variable quantities and the extension of the variability to the
infinitely small and the infinitely large, mathematics, otherwise
erect, meets with its fall, it has eaten of the apple of knowledge and
there has been opened up to it the path of limitless progress as well
as that of error. The virgin condition of absolute purity, the
undisturbable certainty of all mathematics has vanished forever, a
period of controversy has intervened, and we have now arrived at the
state of affairs in which most people carry on the operations of
multiplication and division not because they really understand what
they are engaged in, but from mere belief because the operation has so
far always given correct results. Astronomy and mechanics, physics and
chemistry are in a still more confused state, and hypotheses crowd one
another thick as a swarm of bees. It cannot be otherwise. In physics
we investigate the movements of molecules, in chemistry the
development of molecules from atoms, and if the theory of light waves
should not be correct we have no absolute knowledge that we even see
these interesting things. The lapse of time produces a very thin crop
of final truths of last instance. In geology we are in a still more
embarrassing situation for we are here involved in the study of
preceding epochs in which, as a matter of fact, neither we ourselves
nor any other human being ever existed. Here there is much labor spent
in the harvesting of truths of last instance, and they are a scanty
crop withal.

The second division of knowledge is occupied in the investigation of
living organisms. In this field the changes and causalities are so
complex that not only does the solution of each question bring about
the rise of an unlimited number of new questions, but the solution of
each of these separate new questions depends upon years, frequently
centuries, of investigation, and can then be only partially completed.
So that the need of systematic arrangement of the various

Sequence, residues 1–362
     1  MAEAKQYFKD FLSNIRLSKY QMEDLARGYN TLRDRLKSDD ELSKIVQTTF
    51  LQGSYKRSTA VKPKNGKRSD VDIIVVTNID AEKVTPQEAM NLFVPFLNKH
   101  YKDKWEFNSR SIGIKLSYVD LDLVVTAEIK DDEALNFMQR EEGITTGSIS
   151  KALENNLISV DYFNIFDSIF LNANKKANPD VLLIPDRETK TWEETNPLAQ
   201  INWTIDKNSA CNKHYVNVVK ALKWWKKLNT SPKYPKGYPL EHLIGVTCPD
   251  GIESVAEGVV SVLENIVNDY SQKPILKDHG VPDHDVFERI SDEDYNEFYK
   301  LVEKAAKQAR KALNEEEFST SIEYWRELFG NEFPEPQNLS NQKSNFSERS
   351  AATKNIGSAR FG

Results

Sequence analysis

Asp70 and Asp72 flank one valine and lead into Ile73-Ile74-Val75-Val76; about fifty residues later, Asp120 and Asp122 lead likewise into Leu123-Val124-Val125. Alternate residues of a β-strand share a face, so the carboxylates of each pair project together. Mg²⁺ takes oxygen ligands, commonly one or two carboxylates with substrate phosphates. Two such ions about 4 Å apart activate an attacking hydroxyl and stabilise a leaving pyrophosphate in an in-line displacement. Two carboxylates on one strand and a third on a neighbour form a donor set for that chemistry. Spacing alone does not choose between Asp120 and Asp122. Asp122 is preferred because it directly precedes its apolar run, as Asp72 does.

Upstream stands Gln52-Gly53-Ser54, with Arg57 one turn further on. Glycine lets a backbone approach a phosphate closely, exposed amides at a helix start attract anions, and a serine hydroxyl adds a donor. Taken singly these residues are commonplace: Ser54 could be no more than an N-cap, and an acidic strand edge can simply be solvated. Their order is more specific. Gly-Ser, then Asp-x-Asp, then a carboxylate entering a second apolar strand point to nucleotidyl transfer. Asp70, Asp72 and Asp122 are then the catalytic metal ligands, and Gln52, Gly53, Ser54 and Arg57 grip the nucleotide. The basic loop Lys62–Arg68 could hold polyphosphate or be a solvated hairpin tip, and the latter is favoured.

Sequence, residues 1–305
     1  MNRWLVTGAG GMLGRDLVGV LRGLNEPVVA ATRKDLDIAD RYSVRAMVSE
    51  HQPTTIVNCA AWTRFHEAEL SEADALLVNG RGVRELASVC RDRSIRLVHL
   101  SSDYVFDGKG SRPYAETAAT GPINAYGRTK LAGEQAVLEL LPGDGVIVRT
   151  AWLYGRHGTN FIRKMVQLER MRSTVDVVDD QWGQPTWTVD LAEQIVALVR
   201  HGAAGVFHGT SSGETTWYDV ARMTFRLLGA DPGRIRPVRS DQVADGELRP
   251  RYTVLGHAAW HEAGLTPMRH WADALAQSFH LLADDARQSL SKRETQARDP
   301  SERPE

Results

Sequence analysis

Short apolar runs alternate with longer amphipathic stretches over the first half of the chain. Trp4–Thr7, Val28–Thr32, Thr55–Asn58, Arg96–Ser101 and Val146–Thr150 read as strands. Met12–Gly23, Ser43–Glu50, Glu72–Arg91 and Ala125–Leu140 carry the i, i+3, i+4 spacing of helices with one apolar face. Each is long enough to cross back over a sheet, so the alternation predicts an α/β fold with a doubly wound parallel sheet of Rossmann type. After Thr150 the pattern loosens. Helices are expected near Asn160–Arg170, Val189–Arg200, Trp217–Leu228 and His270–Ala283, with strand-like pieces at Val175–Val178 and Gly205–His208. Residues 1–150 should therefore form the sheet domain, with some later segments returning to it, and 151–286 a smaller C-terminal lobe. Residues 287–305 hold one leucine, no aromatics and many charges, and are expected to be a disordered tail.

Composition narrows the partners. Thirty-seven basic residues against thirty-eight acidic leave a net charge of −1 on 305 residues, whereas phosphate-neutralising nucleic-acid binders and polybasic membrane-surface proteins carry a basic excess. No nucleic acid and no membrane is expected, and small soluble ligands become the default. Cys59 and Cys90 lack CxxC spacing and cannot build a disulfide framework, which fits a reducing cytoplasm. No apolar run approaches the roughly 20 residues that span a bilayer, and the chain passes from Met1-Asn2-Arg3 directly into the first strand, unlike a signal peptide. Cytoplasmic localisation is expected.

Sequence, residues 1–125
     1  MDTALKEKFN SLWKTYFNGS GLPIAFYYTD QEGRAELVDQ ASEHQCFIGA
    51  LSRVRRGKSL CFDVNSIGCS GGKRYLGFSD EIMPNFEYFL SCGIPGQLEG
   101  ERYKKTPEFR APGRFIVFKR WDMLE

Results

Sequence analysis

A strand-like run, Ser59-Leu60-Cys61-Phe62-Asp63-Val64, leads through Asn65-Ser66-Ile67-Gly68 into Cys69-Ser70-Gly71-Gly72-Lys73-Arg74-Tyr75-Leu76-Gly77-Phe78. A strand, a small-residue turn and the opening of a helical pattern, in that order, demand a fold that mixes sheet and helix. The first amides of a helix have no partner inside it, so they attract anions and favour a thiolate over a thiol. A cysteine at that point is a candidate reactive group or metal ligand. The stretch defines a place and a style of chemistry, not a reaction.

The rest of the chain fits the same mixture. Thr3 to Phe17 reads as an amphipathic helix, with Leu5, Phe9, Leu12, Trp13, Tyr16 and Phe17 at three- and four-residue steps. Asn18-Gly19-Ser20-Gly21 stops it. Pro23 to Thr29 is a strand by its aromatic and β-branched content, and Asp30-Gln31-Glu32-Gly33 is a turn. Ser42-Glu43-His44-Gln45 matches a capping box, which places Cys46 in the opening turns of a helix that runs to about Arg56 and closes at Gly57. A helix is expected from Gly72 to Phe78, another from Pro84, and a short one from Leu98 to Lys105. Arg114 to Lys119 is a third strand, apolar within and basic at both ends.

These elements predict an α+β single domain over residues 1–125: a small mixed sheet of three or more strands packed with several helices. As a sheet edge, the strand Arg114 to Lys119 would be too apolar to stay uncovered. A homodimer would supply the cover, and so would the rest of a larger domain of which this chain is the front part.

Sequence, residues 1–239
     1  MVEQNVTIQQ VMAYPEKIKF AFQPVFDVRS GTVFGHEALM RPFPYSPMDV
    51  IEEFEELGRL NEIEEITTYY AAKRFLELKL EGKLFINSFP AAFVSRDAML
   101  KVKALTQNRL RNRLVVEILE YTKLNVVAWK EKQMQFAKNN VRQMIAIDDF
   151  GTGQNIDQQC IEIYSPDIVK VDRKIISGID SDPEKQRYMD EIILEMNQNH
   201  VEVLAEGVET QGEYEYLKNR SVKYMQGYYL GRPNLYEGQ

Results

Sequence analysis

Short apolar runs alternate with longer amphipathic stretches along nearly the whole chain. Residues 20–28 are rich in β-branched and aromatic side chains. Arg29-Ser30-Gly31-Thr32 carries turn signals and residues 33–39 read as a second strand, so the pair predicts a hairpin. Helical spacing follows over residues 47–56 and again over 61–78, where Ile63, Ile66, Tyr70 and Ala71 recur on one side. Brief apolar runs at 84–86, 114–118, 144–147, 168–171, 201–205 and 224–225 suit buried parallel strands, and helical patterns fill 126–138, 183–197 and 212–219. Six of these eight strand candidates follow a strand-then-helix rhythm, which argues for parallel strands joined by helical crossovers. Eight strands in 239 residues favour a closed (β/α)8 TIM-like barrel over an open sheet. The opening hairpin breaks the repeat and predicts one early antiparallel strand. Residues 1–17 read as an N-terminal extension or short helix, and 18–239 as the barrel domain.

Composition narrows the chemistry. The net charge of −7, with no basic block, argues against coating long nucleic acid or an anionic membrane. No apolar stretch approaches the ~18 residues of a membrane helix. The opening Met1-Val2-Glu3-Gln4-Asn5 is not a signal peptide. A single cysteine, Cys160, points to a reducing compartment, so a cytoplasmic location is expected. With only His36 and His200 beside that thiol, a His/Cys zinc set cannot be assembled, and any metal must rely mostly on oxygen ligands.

interrelations continually surrounds the final truths of the last
instance with a prolific and spreading growth of hypotheses. Look at
the long succession of progressive steps from Galen to Malpighi
necessary to establish correctly so simple a thing as the circulation
of the blood of mammals, yet how little we know of the origin of blood
corpuscles and how many mistakes we make in, for example, rationally
connecting the symptoms and cause of a disease. Besides there are
frequently discoveries like those of the cell which compel us to
entirely revise all hitherto firmly established truth of the last
instance in biology, and to lay numbers of such truths aside for good
and all. He who would therefore in this science undertake the
proclamation of absolute and immutable truths must be content with
such platitudes as the following: "All men must die; all female
mammals have mammary glands, etc." He will not even be able to say
that the greater animals digest their food by means of the stomach and
bowels and not with the head because the centralised system of nerves
in the head is not adapted to digestion.

But things are worse with regard to final truths of last instance in
the third group of sciences--the historical. These are concerned with
the conditions of human life, social conditions, forms of law and the
state with their idealistic superstructure of philosophy, religion,
art, etc., in their historic succession and in their present day
manifestations. In organic nature we have at least to do with a
succession of regular phenomena which regularly repeat themselves as
far as our immediate observation goes, within very wide limits.
Organic species have remained on the whole unaltered since the time of
Aristotle. In social history, on the other hand, repetitions of
conditions are the exception, not the rule, directly we leave behind
the prehistoric conditions of humanity, the stone-age, so-called.
Where such repetitions do occur, moreover, they never recur under
precisely similar conditions, as for example the occurrence of early
tribal communism among all peoples anterior to civilisation and the
form of its break up. As regards human history, then, as far as
science is concerned, we are at a greater disadvantage than in
biology. Furthermore, when the intimate relations existing between a
social and political phenomenon come to be recognised it is not, as a
rule, perceived until the conditions are actually on the way to decay.
Knowledge is therefore entirely relative, since it is limited to a
given people and a given epoch, and their nature under transitory
social and political forms, when it examines relations and forms
conclusions. He who therefore is after final truths of last instance,
pure and immutable, will only manage to catch flat phrases and the
most arrant commonplaces, like these--man cannot, generally speaking,
live without working; up to the present men have for the most part